Lecture Note
University
Stanford UniversityCourse
Introduction to Mathematical ThinkingPages
7
Academic year
2022
Murphyal
Views
61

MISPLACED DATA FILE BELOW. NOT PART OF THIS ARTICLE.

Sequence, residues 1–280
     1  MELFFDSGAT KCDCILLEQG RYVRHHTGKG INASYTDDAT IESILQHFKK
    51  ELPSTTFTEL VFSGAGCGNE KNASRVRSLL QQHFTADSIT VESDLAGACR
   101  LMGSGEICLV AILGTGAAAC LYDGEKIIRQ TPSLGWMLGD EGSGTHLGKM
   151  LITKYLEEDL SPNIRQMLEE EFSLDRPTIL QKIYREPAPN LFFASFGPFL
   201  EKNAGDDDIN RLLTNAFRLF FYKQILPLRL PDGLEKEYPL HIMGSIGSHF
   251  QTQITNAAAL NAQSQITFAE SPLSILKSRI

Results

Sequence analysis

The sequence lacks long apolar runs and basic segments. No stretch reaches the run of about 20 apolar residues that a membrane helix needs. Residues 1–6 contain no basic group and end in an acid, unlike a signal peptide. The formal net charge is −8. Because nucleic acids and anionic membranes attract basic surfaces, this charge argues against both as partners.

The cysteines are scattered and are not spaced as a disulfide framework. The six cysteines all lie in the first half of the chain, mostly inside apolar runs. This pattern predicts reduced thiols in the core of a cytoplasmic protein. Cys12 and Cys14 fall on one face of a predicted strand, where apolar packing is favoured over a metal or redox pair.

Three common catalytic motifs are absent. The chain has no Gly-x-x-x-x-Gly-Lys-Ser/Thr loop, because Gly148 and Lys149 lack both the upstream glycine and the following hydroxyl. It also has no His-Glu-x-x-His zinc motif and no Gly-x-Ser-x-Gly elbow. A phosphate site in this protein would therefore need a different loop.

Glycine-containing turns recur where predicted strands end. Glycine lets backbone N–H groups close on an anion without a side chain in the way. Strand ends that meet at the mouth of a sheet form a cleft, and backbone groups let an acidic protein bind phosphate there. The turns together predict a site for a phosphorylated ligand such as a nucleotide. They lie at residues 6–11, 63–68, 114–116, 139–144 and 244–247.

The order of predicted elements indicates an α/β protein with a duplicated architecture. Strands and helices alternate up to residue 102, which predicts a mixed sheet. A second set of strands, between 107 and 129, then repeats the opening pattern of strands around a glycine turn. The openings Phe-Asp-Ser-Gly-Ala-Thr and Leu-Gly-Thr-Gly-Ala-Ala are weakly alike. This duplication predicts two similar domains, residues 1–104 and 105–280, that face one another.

Equivalence Implication and equivalence are two types of logic statements that can be used to expressconditional or logical relationships between two propositions. ● Implication An implication is a statement that says that if one thing is true, then another thingmust be true as well. It is written in the form: “If A, then B.”For example: If it rains, then the ground will be wet. In this statement the subject (it)refers to an event (rains). The predicate (wet) describes an attribute of the subject. ● Equivalence An equivalence is a statement that says two things are equal to each other. It iswritten in the form: “A = B.”For example: 1 + 1 = 2 or "All men are created equal" ● Biconditional In logic, a biconditional statement is an expression of the form "A if and only if B".The word "if and only if" is traditionally abbreviated as "iff" or "iffy".The truth table of a biconditional is:A B A ≡ B T T T F T F F F Let's look at logical equivalence! The concepts of equivalence and implication are closely related. Two statements are saidto be logically equivalent if each implies the other. The notion of equivalence is fundamental to logic and mathematics. Many mathematicalresults are proofs that two statements are equivalent. In fact, equivalence is to logic asequations are to arithmetic and algebra. And you already know that equations play acentral role in mathematics. As we saw earlier, the conditional is an important concept in formal logic. It can be used toexpress implication but not causation. We need a new form of equivalence—thebiconditional—that allows us to express causes. We have already completed the difficult work of determining the implications of our efforts.Now we can reap the benefits. Two statements phi and psi are logically equivalent if each implies the other. A formalversion of implication, called the conditional, can be expressed as a biconditional in logic. The biconditional of phi and psi is denoted by means of a double-headed arrow, like this.The biconditional can be formally defined as an abbreviation of phi conditional psi and psiconditional phi. Since the conditional is defined in terms of truth values, it follows that thebiconditional is defined in terms of truth values. If you work out the truth tables for phi conditional psi and psi conditional phi, and thencombine the results using the De Morgan law, you will get the truth table for phibiconditional psi. If you do that, you will find that phi biconditional psi is true if both phi and psi are true orthey are both false. One way to show the equivalence of two statements phi and psi is toshow that they have the same truth table.